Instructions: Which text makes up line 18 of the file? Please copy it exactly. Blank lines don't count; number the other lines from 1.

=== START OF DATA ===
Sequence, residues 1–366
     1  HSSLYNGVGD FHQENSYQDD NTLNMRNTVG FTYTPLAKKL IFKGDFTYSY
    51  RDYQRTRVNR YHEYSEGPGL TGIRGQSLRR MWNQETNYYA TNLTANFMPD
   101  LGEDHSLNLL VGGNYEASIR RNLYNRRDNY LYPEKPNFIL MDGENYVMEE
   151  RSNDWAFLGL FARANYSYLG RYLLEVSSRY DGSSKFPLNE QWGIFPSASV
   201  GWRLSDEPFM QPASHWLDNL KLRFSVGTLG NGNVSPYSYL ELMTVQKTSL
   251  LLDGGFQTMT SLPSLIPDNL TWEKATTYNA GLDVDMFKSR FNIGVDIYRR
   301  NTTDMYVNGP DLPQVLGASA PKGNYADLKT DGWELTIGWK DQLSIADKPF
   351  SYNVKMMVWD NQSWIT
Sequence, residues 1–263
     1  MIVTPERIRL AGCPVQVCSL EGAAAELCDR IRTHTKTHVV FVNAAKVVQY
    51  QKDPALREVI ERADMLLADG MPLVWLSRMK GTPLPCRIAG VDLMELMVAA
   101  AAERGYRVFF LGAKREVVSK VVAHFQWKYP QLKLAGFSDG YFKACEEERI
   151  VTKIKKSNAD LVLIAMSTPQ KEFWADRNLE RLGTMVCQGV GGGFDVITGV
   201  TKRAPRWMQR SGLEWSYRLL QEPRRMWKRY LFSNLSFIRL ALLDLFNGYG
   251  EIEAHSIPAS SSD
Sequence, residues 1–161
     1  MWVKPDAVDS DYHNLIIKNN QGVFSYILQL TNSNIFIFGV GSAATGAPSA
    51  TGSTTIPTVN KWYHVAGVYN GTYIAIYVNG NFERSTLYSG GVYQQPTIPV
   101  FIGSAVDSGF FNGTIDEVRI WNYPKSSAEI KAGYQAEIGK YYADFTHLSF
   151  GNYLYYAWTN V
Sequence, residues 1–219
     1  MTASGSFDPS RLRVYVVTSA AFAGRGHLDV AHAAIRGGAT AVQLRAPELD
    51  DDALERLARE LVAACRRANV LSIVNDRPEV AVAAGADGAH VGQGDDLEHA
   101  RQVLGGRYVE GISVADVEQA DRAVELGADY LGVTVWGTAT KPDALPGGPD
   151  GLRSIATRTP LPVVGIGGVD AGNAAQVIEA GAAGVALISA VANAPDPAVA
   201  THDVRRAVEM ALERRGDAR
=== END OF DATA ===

     1  MWVKPDAVDS DYHNLIIKNN QGVFSYILQL TNSNIFIFGV GSAATGAPSA